Why It's On This List: Sandals wrote the book on all-inclusives, so although other resorts on the list might be lightly trafficked, they know how to create a clean, friendly atmosphere in a setting of huge pools, nonstop crepes and top-shelf liquor. The setting is rural Jamaica, and safe.
No. 27: Club Med, Kariba Beach (Japan)
Only Here: Guests at most all-inclusives are discouraged from leaving the property. Not here. Excursions take guests to pearl farms, old Japanese villages and even more remote islands.
Why It's On This List: The property is at the center of a national marine park with some of the best snorkeling in this region of Japan. and 12 miles from the nearest town.
No. 26: Royal Isabela (Puerto Rico)
Only Here: A humongous shower (with three shower heads) finishes off the exclusive nature of each casa.
Why It's On This List: The cliffside views, privacy of a casa, and natural surroundings almost overshadow the fact that Royal Isabela has perhaps the best golf course in Puerto Rico. The resort's sign alongside the two-lane access road is barely visible, an immediate indication that you're entering a peaceful escape.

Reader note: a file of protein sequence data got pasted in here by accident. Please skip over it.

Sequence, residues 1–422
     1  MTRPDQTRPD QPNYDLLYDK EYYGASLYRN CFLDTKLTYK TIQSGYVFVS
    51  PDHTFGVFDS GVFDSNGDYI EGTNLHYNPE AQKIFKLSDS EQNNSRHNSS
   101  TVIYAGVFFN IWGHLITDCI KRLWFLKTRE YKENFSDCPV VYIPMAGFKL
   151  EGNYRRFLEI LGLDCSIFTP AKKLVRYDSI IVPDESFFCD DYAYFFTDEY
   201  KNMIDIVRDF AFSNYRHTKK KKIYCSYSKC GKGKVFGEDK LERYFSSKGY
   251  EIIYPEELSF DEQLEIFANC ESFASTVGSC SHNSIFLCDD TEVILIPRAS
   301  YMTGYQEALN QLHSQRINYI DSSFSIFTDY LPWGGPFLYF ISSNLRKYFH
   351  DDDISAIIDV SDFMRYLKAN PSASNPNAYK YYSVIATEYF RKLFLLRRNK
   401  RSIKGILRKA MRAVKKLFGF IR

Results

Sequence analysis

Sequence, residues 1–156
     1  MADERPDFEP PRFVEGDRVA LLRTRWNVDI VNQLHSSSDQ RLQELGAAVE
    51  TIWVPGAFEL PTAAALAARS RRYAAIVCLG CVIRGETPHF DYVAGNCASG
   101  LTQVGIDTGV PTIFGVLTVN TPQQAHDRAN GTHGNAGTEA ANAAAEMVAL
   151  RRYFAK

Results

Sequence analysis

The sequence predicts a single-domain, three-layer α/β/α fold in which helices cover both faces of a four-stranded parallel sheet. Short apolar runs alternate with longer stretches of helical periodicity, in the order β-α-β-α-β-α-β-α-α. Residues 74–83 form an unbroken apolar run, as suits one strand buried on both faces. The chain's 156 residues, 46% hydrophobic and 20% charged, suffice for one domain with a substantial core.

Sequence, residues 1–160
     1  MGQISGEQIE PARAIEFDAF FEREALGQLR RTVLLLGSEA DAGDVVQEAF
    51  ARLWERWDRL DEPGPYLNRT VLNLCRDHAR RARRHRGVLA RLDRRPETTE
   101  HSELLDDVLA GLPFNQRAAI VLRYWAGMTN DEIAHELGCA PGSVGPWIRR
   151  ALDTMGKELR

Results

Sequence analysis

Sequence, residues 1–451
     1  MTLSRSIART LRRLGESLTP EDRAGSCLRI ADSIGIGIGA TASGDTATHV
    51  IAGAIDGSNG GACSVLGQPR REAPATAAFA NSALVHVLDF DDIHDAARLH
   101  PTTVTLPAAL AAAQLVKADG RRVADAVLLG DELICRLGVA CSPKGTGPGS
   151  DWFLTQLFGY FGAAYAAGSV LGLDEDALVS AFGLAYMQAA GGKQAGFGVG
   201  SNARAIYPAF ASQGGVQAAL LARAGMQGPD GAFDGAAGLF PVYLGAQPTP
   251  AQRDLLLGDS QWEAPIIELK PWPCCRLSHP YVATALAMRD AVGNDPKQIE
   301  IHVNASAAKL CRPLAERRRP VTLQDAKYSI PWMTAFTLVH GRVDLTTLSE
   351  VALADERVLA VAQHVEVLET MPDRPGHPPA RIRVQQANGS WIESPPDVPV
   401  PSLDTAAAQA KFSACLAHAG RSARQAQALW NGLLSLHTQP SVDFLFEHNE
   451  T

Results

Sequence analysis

No. 25: The Reef (Grand Cayman)
Only Here: There aren't many all-inclusives on Grand Cayman, and there aren't any all-inclusives in the Caribbean that offer entertainment from the one and only Barefoot Man.
Why It's On This List: All rooms are beachfront and on Grand Cayman that means some of the Caribbean's best snorkeling is just outside the bedroom.
No. 24: Travaasa Hana, Maui
Only Here: Staying at Travaasa means you learn from the staff how to fish, sew leis, play ukeleles, and give up your cellphone.
Why It's On This List: Hawaii for many travelers is about exploring, not staying in an all-inclusive cocoon. But Travaasa is different because it's in Hana, which is a minimum of a two-hour drive from Kahului. (Or hop a 20-minute flight to Hana on Mokulele Airlines and the resort will provide complimentary shuttle service.) The area is a throwback to old Maui, and the resort fits right in.